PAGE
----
Annual benchmarking baseline survey report
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Annual benchmarking baseline survey report

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Annual Benchmarking Survey
One of the questions we aim to answer during the project is how do perceptions of open access monograph publication change among participants during the project? This question relates specifically to the members of our Steering Group and the authors of the titles in the pilot. Through an annual benchmarking survey we will explore if their attitudes and perceptions towards open access publishing change as the project progresses.
Baseline survey
This presentation reports the findings of our baseline survey of steering group members and participating authors to explore the effect that participating in the project has upon their views of open access monograph publishing.
The survey was carried out between November 2011 and February 2012. The next iteration will be carried out in November 2012, once the project participants have seen the first year’s sales and usage data.

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  • More responses from the experiment open access group than the control group 18 from UK, 13 from elsewhere.
  • In both groups, most were aware but not familiar. Experiment group more likely to say both never heard and familiar with. But n.b. small samples – don’t place too much credence on this.
  • For both publishers and funders, around 2/3 think researchers are (broadly speaking) aware of OA, and around 1/3 think not. Once again, v small sample sizes so beware of treating with too much authority.
  • Most likely to have less than a quarter of content available online, and more than two-thirds had less than a quarter available in OA – unsurprising. N.b. the big ‘don’t know’ category for OA. NB also we’ve asked for proportion of publications – if they’ve only had one or two publications in total, this will skew the figures.
  • Nb mode therefore ranking is not 1,2,3,4,5. Importance is high for most. Financial compensation is least important, and given lowest priority – but nb it is not completely unimportant to people – some still find it important.
  • Importance is high across all groups: nothing is ranked as less than ‘important’ on average. Availability and dissemination and quality are the most widely-agreed to be very important: ties with the author goals.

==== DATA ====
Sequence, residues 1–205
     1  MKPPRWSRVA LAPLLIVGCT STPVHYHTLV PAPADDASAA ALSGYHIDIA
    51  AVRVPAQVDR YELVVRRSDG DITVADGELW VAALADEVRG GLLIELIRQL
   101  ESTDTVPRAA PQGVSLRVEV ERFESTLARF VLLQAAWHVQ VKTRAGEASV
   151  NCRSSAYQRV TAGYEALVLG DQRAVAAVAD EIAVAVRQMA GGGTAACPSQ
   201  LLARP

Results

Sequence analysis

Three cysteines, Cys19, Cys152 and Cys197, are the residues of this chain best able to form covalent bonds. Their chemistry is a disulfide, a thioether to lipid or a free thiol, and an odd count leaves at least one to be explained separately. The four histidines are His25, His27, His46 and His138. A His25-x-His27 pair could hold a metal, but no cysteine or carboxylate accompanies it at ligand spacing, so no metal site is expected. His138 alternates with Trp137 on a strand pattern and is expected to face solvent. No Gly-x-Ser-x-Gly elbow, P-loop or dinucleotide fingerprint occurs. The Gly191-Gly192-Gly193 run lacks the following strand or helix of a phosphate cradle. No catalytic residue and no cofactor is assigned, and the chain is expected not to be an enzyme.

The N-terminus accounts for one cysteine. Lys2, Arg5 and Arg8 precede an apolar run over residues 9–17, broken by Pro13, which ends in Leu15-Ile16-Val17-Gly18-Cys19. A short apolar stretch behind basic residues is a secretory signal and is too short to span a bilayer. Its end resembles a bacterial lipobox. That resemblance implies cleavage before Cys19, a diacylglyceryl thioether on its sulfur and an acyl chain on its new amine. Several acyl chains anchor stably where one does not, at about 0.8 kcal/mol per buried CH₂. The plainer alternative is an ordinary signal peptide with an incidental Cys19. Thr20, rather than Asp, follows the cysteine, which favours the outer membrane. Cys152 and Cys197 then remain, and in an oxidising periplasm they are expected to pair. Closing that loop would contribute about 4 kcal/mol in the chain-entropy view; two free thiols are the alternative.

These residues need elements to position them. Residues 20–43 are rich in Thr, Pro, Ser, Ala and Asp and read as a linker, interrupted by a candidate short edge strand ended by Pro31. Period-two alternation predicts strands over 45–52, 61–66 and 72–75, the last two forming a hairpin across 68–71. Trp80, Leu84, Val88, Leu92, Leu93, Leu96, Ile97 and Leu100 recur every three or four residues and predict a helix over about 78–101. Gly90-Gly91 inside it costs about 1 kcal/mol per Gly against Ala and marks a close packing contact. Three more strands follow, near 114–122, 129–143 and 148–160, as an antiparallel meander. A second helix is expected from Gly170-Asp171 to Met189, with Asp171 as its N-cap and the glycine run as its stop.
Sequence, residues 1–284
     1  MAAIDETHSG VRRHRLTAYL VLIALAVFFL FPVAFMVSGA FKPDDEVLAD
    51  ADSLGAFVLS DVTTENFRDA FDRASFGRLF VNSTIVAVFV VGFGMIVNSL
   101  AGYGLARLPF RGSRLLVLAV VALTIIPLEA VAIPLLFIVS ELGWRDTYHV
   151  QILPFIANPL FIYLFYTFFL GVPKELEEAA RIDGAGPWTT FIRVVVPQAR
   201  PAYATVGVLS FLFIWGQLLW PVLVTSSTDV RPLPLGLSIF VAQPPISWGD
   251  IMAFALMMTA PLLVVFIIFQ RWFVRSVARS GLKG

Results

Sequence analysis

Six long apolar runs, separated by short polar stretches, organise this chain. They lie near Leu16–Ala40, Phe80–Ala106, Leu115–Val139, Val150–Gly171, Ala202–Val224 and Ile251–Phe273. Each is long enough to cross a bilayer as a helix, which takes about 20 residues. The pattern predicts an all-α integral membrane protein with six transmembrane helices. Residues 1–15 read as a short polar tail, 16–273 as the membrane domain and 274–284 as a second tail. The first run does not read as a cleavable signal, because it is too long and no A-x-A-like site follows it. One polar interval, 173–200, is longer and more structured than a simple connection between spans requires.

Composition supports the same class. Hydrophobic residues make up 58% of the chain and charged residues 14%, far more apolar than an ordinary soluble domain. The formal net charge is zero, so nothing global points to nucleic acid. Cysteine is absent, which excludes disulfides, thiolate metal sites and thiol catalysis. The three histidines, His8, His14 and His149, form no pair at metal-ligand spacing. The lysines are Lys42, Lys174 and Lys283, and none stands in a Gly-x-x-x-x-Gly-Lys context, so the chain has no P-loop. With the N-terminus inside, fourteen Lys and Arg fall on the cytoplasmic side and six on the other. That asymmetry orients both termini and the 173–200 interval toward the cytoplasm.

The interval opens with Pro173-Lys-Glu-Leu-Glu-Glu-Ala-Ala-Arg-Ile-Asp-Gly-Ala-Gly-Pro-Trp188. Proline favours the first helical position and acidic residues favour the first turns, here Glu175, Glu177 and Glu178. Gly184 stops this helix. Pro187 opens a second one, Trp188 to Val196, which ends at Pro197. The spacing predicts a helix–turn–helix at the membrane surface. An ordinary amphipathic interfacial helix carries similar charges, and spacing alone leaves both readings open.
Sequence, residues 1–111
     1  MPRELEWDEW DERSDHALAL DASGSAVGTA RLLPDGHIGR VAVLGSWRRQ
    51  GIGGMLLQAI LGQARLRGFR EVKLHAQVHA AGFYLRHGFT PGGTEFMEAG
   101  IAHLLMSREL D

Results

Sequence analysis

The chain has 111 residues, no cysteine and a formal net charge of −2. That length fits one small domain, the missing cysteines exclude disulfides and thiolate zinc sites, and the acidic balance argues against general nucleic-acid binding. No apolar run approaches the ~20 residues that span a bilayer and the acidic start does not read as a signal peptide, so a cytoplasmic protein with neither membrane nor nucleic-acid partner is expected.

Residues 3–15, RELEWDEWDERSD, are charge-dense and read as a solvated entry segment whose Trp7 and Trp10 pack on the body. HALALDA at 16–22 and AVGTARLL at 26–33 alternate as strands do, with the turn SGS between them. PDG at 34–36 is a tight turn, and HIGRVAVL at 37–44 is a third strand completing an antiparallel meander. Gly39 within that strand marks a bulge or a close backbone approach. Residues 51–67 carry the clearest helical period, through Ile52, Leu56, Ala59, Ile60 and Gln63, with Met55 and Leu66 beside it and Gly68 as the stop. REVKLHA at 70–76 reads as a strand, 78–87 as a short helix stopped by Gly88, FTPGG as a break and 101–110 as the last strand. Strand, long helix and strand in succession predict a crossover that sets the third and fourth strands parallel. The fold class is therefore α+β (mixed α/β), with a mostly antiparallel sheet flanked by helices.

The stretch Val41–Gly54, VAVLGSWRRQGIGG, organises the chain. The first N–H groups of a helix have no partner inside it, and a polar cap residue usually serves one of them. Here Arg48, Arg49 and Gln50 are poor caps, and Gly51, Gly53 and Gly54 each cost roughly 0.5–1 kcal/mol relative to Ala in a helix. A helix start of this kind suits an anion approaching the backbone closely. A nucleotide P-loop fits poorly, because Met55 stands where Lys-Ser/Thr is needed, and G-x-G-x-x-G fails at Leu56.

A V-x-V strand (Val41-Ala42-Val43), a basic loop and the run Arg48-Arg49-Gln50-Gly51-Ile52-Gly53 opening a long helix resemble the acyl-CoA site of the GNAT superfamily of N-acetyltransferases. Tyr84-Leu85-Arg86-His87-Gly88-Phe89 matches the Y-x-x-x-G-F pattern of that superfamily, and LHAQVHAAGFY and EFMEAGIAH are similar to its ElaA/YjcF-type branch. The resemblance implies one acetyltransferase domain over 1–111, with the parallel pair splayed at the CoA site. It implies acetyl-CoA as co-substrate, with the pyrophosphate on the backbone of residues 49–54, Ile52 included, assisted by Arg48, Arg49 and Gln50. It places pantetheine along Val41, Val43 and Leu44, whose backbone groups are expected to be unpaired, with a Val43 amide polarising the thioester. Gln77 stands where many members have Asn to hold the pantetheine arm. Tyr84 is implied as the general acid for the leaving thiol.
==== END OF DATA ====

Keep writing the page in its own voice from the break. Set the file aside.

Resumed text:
• Echoes previous page: efficiency and effectiveness and reputation and reward are least important: though more important for authors than for AG. Organisation and preservation is important for publishers in particular, but not important to authors. Quality and availability appear to be non-negotiable for most.
  • 5= ‘very positive’ and 1=‘very negative’. Majority of opinions here are 3 - ‘neither positive nor negative’. Nb we did give people a don’t know option, so this reflects genuine opinion, rather than lack of it. On the whole, authors are more positive about OA effects than AG, except as relates to efficiency and effectiveness. Big divide on this one between publishers and non-publishers. Same for organisation and preservation. Clearly there is a barrier to overcome in terms of perception of impact on quality and, linked I suspect, reputation – although interesting that scholars think that OA publishing will have a very positive effect on reputation while others aren’t convinced!
  • Graph is a fudge: limit of Excel! 1 = lower, 2 = the same, 3 = higher. Usage and citations assumed higher for all groups except publishers, who think that citations will stay the same. Sales, authors and publishers assume lower, and the rest of the advisory group assume the same. This is clearly an important area to get some solid data on.

Annual benchmarking baseline survey report Annual benchmarking baseline survey report Presentation Transcript

  • Annual Benchmarking Survey: Baseline Report June 2012
  • About the authors
  • Author OA awareness
  • Perceptions of OA awareness
  • Electronic and OA publishing
  • Author motivations
  • Scholarly communications goals
  • Scholarly communications goals
  • Scholarly communications goals
  • Project effects